It didn’t come together all at once. Maybe she knew the truth all along, but denied it to let herself do what they call healing. Maybe there were other moments where she almost came to this realization. Maybe she would have broken free even if the wind hadn’t coincidentally turned the page, as if destiny wanted her to see it. But other lives would have been lost, tortured for a futile purpose that she saw all too clearly. Would Claire love her if she did those things? Would she ever love herself? Yes, she momentarily convinced herself. She read through the section of the tome before her, eager to learn and understand what she was fighting, for they had pushed her towards war. Eventually, she would know what to do with this book. But in that moment, holding the knife, she knew what she had to do to be free. One of the cultists walked into view.

“Are you ready?” asked Charity Oregon.

Clara O’Winn smiled.


Clara sat on the cheap motel bed while Charity continued to futilely scream through the duck tape. Clara was looking at her watch. They had less than a minute to arrive. She was aware from the stolen book that they were known for their punctuality, but arriving at the exact minute seemed a bit excessive. But she would soon realize that excessiveness was baked into their nature as a shape began to form.

The travel machine was edited into reality. It looked like something that would not be conspicuous in a motel room, but still distinct enough for the owner to not have to spend five hours debating which TV he used to go home before smashing his face on the glass. The device was championed by a sound akin to a child squeezing a squirrel to death while playing with the blinds. Eventually, a being stepped out of the toilet and into the motel room.

 The being was not human. Sure, if one were looking at the being through the lens of a photograph or moving picture, the being would appear to be human. But there was something off about the way he looked. He certainly looked like a he, but there was an air of ambiguity to the significance of that detail. He looked less like a person and more like the culmination of generations of film studios and focus groups to create a character archetype (the archetype in question being a stuffy dean with the gentle smile of an authoritarian dictator). But perhaps what made him look the least human was his eyes. They were dilated so much, one could almost see a star field shine through his infinite darkness.

Clara had heard of the parties involved in the War, and called the side that would least likely simply take both her and her captive and do what most people with limited imaginations do with their kidnap victims. Sadly no such side existed, but the side of “order, lordship, and sterility” was far more likely to humor her than the other factions would. (The only fortune she had in this whole mess was that he didn’t simply rewrite her timeline so that she’d give herself to him willingly).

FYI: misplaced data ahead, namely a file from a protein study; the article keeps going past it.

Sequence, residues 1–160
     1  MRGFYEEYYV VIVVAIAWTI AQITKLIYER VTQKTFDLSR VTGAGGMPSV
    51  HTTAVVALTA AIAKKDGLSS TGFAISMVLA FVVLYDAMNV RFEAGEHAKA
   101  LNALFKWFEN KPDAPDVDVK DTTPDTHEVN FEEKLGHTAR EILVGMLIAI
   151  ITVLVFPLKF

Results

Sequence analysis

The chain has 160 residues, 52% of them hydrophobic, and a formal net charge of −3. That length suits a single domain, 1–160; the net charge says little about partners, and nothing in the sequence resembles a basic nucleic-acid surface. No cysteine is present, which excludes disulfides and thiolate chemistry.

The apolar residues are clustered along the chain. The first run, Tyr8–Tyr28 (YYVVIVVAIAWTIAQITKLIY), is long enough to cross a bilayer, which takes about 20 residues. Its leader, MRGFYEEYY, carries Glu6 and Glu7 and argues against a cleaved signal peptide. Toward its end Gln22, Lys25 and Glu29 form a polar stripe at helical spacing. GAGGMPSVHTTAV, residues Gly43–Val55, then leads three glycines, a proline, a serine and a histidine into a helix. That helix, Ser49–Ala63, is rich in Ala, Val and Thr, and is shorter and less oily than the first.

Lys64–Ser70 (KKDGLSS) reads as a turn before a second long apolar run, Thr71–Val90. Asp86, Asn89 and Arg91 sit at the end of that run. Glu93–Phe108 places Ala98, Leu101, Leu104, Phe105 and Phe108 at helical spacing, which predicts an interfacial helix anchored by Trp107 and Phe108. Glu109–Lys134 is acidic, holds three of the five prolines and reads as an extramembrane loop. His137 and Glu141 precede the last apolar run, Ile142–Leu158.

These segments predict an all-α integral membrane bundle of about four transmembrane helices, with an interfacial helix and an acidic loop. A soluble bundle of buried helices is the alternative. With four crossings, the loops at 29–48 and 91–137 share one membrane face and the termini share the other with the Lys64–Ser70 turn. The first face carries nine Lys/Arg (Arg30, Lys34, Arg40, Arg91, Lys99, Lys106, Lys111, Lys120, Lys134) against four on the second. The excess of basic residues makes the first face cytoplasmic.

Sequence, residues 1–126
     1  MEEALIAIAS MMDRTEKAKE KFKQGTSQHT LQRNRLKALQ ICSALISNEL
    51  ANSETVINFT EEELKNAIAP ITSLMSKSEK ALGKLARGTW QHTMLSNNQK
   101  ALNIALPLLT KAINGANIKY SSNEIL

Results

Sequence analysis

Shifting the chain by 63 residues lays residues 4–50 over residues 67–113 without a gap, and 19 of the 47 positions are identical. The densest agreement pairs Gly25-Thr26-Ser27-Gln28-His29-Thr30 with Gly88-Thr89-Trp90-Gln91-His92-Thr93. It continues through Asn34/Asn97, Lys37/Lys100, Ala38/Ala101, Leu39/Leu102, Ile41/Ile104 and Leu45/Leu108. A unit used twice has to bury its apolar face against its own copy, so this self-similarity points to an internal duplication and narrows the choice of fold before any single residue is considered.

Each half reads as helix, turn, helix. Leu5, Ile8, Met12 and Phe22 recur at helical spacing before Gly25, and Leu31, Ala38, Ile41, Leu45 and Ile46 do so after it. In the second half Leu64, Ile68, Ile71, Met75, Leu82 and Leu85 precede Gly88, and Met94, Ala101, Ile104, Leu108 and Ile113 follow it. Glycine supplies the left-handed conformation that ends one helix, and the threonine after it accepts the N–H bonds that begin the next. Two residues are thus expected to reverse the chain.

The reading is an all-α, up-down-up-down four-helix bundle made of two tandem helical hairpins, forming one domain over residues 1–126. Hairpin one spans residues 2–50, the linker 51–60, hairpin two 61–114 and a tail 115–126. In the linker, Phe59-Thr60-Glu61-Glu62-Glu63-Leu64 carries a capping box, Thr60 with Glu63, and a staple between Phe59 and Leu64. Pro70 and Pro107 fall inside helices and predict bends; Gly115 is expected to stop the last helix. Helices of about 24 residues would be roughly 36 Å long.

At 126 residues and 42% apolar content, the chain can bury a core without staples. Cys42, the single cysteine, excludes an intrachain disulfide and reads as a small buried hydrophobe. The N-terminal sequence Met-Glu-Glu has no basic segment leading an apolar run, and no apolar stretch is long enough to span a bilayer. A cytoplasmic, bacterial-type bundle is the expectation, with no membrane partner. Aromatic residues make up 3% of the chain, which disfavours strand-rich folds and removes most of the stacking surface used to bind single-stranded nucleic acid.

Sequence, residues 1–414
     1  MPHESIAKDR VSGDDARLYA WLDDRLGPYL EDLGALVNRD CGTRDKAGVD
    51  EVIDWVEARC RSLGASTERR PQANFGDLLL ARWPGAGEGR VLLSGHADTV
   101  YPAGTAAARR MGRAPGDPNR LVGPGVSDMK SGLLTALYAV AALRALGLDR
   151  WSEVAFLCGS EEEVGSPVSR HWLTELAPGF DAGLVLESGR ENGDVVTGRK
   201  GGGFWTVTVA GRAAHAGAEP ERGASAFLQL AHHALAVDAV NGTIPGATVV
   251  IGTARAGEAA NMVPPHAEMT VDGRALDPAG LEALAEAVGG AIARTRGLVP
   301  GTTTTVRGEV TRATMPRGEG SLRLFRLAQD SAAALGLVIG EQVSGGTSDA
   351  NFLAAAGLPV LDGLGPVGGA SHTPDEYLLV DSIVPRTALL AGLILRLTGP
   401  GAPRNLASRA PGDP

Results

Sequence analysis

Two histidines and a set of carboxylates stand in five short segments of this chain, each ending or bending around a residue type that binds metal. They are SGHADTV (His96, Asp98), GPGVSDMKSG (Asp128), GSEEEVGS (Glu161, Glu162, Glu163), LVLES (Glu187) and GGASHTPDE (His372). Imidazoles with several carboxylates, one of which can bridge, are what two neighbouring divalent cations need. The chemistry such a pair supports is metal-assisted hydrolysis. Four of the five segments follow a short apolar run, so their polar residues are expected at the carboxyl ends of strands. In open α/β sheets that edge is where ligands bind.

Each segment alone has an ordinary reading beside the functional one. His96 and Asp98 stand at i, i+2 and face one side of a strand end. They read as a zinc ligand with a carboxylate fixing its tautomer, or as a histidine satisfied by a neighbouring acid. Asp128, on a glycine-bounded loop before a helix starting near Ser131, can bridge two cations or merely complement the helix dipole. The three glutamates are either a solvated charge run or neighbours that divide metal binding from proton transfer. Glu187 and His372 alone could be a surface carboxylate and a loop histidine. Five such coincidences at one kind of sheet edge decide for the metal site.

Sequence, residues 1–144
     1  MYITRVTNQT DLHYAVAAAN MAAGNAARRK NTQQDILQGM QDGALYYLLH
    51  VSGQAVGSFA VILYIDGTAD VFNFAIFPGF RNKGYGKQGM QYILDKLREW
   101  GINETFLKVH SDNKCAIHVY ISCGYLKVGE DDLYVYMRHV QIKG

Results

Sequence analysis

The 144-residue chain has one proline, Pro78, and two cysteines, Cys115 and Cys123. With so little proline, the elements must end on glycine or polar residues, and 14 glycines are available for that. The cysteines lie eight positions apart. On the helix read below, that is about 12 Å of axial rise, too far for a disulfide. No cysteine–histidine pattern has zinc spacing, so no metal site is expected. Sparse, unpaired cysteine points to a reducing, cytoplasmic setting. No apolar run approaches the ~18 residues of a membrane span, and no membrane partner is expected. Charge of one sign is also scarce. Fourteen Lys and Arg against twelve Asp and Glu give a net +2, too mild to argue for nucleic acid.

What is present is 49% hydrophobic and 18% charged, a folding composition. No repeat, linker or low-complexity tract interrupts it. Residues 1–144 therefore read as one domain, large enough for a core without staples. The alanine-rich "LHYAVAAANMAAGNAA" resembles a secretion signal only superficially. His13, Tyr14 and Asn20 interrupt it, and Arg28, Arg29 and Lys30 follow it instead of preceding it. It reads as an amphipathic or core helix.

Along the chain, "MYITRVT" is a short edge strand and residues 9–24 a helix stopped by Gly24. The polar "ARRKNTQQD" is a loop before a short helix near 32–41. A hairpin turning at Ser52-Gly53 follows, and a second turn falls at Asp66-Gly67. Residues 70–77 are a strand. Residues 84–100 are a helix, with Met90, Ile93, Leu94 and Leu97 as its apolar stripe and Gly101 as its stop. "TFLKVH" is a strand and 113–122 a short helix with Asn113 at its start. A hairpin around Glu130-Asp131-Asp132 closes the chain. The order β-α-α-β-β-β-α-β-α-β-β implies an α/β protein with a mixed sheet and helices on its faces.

Well he said in the voice of an ornery deposed king while impatiently stroking his beard is this the real deal? Clara said nothing, for she knew his side, like all the sides in the War, thought of her as a “Lesser Species” not worthy of humoring bluster. Instead, she simply pulled out the knife she had in her left pocket, and stabbed her captive a few inches away from her heart. It was surprisingly easy to cut around the organ, but it still took a bit of time. 

There, in front of both of them, was Charity’s beating heart. The sight and feeling of this made the young woman pass out. Clara, who was used to the sight of cruelty in the name of uncaring powers, proceeded to rip out the still beating heart and present it to the orderly “gentleman.” The blood that belonged to Charity still flowed through the body, only slightly spurting out of the hole. It didn’t so much create a new organ as simply pretend the heart wasn’t removed.

Interesting sneered the shape of a man with an air of self-congratulation tell me, what do you want for this… intriguing specimen?

Clara felt no need to lie. “I want your time machine so I can travel the universe.” The man shaped being laughed. One doesn’t typically hear members of his side laugh, but it is always unsettling when they do so. It’s not clear why the laugh is unsettling to an average being as, for all intensive purposes, it sounds like a normal laugh, albeit an evil one seen in science fiction movies with lines like “NOTHING IN THE WORLD CAN STOP ME NOW!” but the cadence of the laugh was… off.